Salt and water, flying bodies and ghostly texts... Deborah Jack's installation currently on view at Rochester Contemporary transforms the exhibition space into a spectral environment. Three large projections illuminate the space, while, almost as if floating by, a running stream of ambiguous, poetic text is printed on the walls.
The wall text is a combination of highly reflective vinyl letters interspersed with others that are as white as the walls. The latter can be read only if you really work at it, moving from side to side and taking advantage of the shifts in ambient light.
References to sea and salt abound, but we are deferred from finding any specific place or story. Indeed, our bodies are mostly water, salty water, and therefore "part" of the sea, but the words are out of time and place --- ghosts of the past, present, and future.
A constantly moving figure seems to allude to some kind of narrative --- perhaps because we've come to expect narration from a medium that also gives us TV --- but what is that narrative?
Projected as negative images on screen are large, weightless bodies leaping, although we don't know where. As such, the images are somewhat reminiscent of Aaron Siskind's photographs of divers that seemed to levitate in space (although Siskind's photographs are much more calligraphic and lyrical, more about making marks than being figures) while the combination of slowed, repeating video, sound, and stills recalls Bill Viola's spiritually evocative work.
While the basis for the work is the traumatic legend, or myth, of flying Africans (enslaved individuals who jumped off the decks of slave ships with the hope that their souls would fly back to Africa), Jack endeavors to go beyond it. As we come to realize, the sea (the salt and the water, both elements of healing and purification) becomes for Jack a signifier. It is, in other words, an allegorical representation of human experience.
Unfortunately, however, were it not for an attendant statement in the gallery, the work might come across as beautiful but conceptually bereft. For example, the title of the exhibit is Lift/Left. Who or what is lifted and by whom? And is it left versus right, or left behind? The title, like the work, leaves us with a number of unanswered questions, and recognizable words, images, and choice of medium have been rendered mute.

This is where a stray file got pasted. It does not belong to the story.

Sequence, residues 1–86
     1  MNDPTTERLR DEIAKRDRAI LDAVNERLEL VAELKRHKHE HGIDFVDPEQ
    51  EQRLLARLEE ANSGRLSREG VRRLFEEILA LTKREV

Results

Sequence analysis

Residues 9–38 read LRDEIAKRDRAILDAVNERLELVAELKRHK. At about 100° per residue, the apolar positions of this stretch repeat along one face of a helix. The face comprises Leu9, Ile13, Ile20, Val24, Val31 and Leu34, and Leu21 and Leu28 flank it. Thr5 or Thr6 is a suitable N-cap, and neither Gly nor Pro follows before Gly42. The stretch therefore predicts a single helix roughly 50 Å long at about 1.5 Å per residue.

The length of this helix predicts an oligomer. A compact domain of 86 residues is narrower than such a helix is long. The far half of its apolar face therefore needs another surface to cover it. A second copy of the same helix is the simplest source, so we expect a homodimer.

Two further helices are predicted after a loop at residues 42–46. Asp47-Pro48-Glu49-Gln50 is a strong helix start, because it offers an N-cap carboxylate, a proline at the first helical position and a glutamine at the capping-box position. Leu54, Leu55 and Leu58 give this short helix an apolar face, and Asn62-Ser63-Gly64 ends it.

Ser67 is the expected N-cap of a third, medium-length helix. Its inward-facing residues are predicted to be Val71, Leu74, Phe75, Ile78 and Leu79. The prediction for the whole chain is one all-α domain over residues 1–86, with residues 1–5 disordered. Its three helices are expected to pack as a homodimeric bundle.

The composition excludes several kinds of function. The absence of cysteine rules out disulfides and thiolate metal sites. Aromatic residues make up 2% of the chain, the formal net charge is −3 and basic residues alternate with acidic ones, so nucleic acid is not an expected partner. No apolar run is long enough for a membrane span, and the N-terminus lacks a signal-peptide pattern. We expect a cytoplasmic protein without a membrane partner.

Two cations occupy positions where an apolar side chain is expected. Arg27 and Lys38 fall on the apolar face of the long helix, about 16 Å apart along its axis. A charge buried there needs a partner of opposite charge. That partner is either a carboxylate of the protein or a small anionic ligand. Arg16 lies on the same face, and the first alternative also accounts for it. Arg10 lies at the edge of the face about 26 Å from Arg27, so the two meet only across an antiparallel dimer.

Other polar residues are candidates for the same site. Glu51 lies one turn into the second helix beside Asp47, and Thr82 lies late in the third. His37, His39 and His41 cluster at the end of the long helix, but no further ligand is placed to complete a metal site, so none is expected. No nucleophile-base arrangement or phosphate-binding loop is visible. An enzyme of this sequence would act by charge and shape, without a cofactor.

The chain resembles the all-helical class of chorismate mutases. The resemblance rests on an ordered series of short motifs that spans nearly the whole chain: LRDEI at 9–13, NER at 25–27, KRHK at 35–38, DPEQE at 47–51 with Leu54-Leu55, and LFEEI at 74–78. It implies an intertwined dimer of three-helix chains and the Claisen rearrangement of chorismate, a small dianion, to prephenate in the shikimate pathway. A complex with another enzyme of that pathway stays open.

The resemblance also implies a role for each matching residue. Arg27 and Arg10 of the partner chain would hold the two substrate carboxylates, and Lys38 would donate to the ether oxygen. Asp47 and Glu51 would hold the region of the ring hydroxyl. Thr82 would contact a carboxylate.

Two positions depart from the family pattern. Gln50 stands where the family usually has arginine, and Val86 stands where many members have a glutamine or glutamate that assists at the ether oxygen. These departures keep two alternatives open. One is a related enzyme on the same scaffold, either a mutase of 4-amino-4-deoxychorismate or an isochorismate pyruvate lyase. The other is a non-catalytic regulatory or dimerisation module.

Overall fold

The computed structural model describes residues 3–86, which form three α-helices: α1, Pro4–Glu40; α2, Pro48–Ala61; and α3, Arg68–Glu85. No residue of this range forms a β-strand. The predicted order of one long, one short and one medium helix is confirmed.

Jack's installation is an affecting visual poem that tantalizes us with a story. But any answers to our questions remain secrets to be found elsewhere (or at least in her statement).
We are told that while Jack didn't intend for her work to reflect only this horrifying moment in history. But the fact that a connection is made with historical fact allows her work to open up and become more real, more traumatic. With the sea as her signifying monkey, the poetry, the beauty, is now punctuated by history, by actual events, by the atrocities of humanity. The poetic is now ruptured by the prosaic (the everyday). The narrative creeps in, in a way you can't escape, and the ghosts come to life. There is no place to hide if one thinks of the fate of the Africans who leapt and the circumstances that befell those who didn't.
Additionally, nestled in a small, discrete space at the back of the gallery, are three monitors of varying sizes surrounded by a circular field of shiny white salt crystals. A continuous loop depicting the ebb and flow of the churning surf upon the shore plays on all three monitors. And just like the large-screen projections, it is a negative rather than a positive image, which produces an eerie scene --- complete with the hypnotic sound of crashing and rolling waves.
Overall, Jack's exhibition is sensorially effective and quietly elegant in its attentive presentation. But it is unfortunate that artists have to make statements that generalize their own work to try to make it more transcendent when the power lies in the actual everyday trauma of life.
While the poetic seems to be a cure, it tends to come off more like a distraction or mask. It is when we finally come to terms with the everyday corporeal existence that lies within the poetic or aesthetic moment that we begin to see the prosaic as just as important as the urge to universalize, aestheticize, or poeticize.
You should go if you like sound and visual installations; or if you want to search for the real moment behind the poetry.
Lift/Left Deborah Jack through February 12 | Rochester Contemporary, 137 East Avenue| Gallery hours are Wednesday and Thursday 1 to 6 p.m., Thursday 1 to 7 p.m., and Saturday and Sunday 1 to 5 p.m. 461-2222, www.rochestercontemporary.org